Friday https://giamusic.com/resource/good-friday-tenebrae-print-grp19

    Palmer also published an edition of all 3 services http://anglicanhistory.org/music/palmer_tenebrae1956.pdf
  • GerardH
    Posts: 426
    FWIW Tenebrae of Good Friday and Holy Saturday in the current Solesmes Antiphonale Monasticum is virtually unchanged from the traditional version. If you just say you're celebrating "monastic novus ordo", you could basically get away with anything.
  • a_f_hawkins
    Posts: 3,410
    ServiamScores I agree it is confusing, particularly as people freely borrow from pretty much any era and tradition.
    However the General Instruction says
    §210 Before morning Lauds (sic) on Good Friday and Holy Saturday, the Office of Readings is, if possible, to be celebrated publicly and with the people taking part.
    §99 If the Office of Readings is said immediately before another Hour ...
    §73 ... tradition of marking the Vigil ... after both readings ... canticles may be added from the Appendix ... a Gospel passage is then read followed if desired by a homily ...
    Whether that gives license to having the service on Good Friday evening, after dark, I could not say.
    Also - what GerardH says
  • francis
    Posts: 10,709
    If you just say you're celebrating "monastic novus ordo", you could basically get away with anything.
    ah yes, the loophole of modernism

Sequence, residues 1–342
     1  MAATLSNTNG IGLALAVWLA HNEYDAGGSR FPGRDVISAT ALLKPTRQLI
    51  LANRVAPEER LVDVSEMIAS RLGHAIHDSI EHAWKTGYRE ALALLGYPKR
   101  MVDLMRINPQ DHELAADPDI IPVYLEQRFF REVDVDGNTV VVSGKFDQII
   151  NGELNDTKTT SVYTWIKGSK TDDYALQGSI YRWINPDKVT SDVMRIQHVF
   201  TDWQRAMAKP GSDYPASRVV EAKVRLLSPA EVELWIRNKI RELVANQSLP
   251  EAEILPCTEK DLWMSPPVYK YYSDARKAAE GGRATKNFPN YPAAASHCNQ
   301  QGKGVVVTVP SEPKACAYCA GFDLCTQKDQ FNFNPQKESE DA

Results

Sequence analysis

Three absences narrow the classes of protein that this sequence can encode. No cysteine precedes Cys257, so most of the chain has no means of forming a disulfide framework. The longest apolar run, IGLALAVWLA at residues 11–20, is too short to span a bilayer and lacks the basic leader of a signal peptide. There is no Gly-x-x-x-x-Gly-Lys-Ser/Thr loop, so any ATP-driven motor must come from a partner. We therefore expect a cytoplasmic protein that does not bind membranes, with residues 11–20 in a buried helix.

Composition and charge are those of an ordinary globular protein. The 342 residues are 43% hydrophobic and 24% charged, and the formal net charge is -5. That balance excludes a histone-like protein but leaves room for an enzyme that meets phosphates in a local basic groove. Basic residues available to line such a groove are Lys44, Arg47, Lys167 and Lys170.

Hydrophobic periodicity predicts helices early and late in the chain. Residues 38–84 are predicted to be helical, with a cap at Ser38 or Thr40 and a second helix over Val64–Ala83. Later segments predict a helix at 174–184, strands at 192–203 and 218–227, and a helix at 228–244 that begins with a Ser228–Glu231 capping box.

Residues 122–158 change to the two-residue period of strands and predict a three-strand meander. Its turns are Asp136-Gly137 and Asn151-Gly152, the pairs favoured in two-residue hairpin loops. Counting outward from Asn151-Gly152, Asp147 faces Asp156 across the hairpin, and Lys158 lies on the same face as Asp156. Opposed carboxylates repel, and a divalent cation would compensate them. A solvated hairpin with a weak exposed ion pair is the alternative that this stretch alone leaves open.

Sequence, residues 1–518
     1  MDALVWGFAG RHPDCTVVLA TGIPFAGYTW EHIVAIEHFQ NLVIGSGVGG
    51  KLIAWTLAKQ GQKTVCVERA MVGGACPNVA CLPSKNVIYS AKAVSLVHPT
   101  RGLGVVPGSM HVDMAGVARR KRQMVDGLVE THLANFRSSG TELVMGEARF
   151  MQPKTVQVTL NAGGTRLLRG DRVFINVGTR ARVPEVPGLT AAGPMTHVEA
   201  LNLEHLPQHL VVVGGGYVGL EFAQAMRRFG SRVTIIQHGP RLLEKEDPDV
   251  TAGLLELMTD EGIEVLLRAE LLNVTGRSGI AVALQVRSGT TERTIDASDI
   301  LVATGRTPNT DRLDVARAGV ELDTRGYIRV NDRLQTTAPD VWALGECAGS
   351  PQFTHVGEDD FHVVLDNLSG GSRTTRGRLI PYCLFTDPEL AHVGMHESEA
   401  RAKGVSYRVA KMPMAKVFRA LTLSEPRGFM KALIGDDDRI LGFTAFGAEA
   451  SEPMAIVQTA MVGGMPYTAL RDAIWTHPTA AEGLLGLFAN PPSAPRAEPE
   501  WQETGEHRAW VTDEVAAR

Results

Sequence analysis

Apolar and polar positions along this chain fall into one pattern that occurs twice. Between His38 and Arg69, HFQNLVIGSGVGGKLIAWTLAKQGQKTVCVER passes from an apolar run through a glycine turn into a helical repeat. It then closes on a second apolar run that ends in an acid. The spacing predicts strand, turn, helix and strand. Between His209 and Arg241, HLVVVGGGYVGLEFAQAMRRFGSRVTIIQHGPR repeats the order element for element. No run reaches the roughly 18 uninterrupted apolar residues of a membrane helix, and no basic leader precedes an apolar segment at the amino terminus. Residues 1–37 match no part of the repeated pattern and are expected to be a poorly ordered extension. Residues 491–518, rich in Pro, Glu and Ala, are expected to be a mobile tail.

Thanked by 1tomjaw
  • igneusigneus
    Posts: 366
    §210 Before morning Lauds (sic) on Good Friday and Holy Saturday, the Office of Readings is, if possible, to be celebrated publicly and with the people taking part.
    §99 If the Office of Readings is said immediately before another Hour ...
    §73 ... tradition of marking the Vigil ... after both readings ... canticles may be added from the Appendix ... a Gospel passage is then read followed if desired by a homily ...
    Whether that gives license to having the service on Good Friday evening, after dark, I could not say.


    The Office of Readings can be said the evening before (IGLH 59), but not the Lauds.

    IGLH 210 certainly doesn't expect you to say the Office of Readings the evening before, but (unlike in the 1955 rubrics) it isn't strictly prohibited.

    If you just say you're celebrating "monastic novus ordo", you could basically get away with anything.
    ah yes, the loophole of modernism


    The post-Vatican II liturgical law definitely does not authorize parish churches (regular parish churches served by diocesan clergy) to celebrate the monastic LOTH or other rites proper to religious orders.
  • DL
    Posts: 72
    There’s loads of weird and wonderful stuff in the Directory on Popular Piety, some even in Lent and Holy Week. I think people ought not to be too hung up on whether a venerable collection of psalms and readings is or isn’t ok, and just get on with doing Tenebrae, at night, with all the trimmings, if they want to, and not if they don’t. Pious exercises are good. And should anyone be involved who is a) bound to praying the office and b) inclined to carefulness about this sort of thing, more time spent in prayer is never wasted.
    Thanked by 1a_f_hawkins
  • a_f_hawkins
    Posts: 3,410
    loads of weird and wonderful stuff in the Directory on Popular Piety,
    §144. ... Penitential practices leading to self-crucifixion with nails are not to be encouraged.
    Thanked by 2igneus ServiamScores